This is only common sense. By running Debt to GDP and Deficit to GDP ratios that are on par with the European PIIGS, the US has made it clear that those investors who lend to it for the long-term (20+ years) are likely going to experience a haircut or bond restructuring much as Greece bondholders recently experienced.
of a lack of foreign interest in long-term Treasuries, the Fed decided to step
in to pick up the slack. As a result of this, the
Twist 2 has also allowed US commercial banks to unload their long-term Treasury
holdings in exchange for new capital: something most of the Primary Dealers are
in dire need of. This in turn helps to explain why the
another way, the markets have been ramped higher by more juice from the Fed
(and corporate buybacks). However, the fact remains that this juice has come
from the Fed reallocating its current portfolio holdings, NOT printing more
money outright to monetize
So while the media and 99% of analysts believe the Fed is and can continue to act aggressively to prop up the markets, the fact is that the Fed has been reining in its monetary stimulus over the last nine months, largely relying on verbal intervention from Fed Presidents to push stocks higher.
Consider the latest FOMC statement released a few weeks ago…
Fed Signals No Need for More Easing Unless Growth Falters
The Federal Reserve is holding off
on increasing monetary accommodation unless the
“A couple of members indicated that the initiation of
additional stimulus could become necessary if the economy lost momentum or if
inflation seemed likely to remain below” 2 percent, according to minutes of
their March 13 meeting released today in
the verbal obfuscation here. The Fed knows
that inflation is higher than 2%. It also knows
Gas being at $4 and food prices not far from record highs.
This being an election year and the Fed now politically toxic.
Growing public outrage over the Fed’s actions (secret loans, etc.) in the past.
Again, we are in a process of slow awakening to the fact that the Fed has not solved the problems that caused 2008. Instead, the Fed has exacerbated these problems (excess leverage) and created new problems in the process (inflation).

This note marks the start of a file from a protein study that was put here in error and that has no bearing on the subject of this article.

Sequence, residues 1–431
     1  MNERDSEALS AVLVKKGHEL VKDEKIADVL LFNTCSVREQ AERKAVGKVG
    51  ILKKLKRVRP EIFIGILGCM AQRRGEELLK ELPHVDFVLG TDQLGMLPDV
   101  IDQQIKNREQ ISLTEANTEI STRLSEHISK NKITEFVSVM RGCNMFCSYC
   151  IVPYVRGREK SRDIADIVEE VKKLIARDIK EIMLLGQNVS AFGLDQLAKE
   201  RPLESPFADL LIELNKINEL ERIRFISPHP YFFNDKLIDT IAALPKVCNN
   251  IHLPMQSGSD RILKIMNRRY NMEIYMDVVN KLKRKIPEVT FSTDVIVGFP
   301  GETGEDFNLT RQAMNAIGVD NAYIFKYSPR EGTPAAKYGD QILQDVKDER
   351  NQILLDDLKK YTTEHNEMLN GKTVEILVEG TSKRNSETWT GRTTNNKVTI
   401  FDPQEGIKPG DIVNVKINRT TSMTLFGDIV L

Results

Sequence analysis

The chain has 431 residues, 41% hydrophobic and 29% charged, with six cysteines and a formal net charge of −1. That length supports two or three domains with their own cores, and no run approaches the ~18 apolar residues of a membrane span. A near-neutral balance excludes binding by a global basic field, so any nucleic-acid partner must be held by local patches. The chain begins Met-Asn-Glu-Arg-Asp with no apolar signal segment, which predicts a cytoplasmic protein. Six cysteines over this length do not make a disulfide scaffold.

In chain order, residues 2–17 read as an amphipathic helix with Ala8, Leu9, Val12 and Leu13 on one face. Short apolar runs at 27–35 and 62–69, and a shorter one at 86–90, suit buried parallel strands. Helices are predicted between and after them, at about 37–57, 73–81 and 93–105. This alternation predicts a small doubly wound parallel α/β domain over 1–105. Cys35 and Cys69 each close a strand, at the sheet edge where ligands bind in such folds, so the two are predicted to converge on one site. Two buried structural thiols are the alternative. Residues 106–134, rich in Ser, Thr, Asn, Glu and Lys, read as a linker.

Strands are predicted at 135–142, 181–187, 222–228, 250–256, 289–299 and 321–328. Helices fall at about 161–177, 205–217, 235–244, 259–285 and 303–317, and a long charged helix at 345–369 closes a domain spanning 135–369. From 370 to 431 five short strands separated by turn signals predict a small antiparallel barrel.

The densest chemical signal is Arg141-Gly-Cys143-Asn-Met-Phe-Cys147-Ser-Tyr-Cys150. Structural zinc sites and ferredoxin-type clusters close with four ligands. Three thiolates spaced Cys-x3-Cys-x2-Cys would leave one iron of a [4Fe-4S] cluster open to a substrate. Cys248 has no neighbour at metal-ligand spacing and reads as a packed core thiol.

Fortunately for the Fed, the European Central Bank has picked up the intervention slack since the Fed began pulling back in mid-2011. Indeed, between July 2011 and today, the ECB has expanded its balance sheet by an incredible $1+ trillion: more than the Fed’s QE 2 and QE lite combined (and in just a nine month period).
The two largest interventions were the ECB’s LTRO 1 and LTRO 2, which saw the ECB handing out $645 billion and $712 billion to 523 and 800 banks respectively.
result of this, the ECB’s balance sheet exploded to
nearly $4 trillion in size, larger than the GDPs of
rapid and extreme expansion of the ECB’s balance
sheet (again it was greater than QE lite and QE2
combined… in nine months) indicates the severity
of the banking crisis in
rapid expansion has also resulted in the ECB obtaining a similar political
toxicity to that of the
The reason for this is obvious: any bank that participated in either LTRO implicitly announced that it was in dire need of capital. As a result of this the markets have stigmatized those banks that participated in the schemes, thereby:
1) Diminishing the impact of the ECB’s moves.
2) Indicating that the ECB is now politically toxic in that those EU financial institutions that rely on it for help are punished by the markets.
the two biggest market props of the last two years: the Fed and the ECB have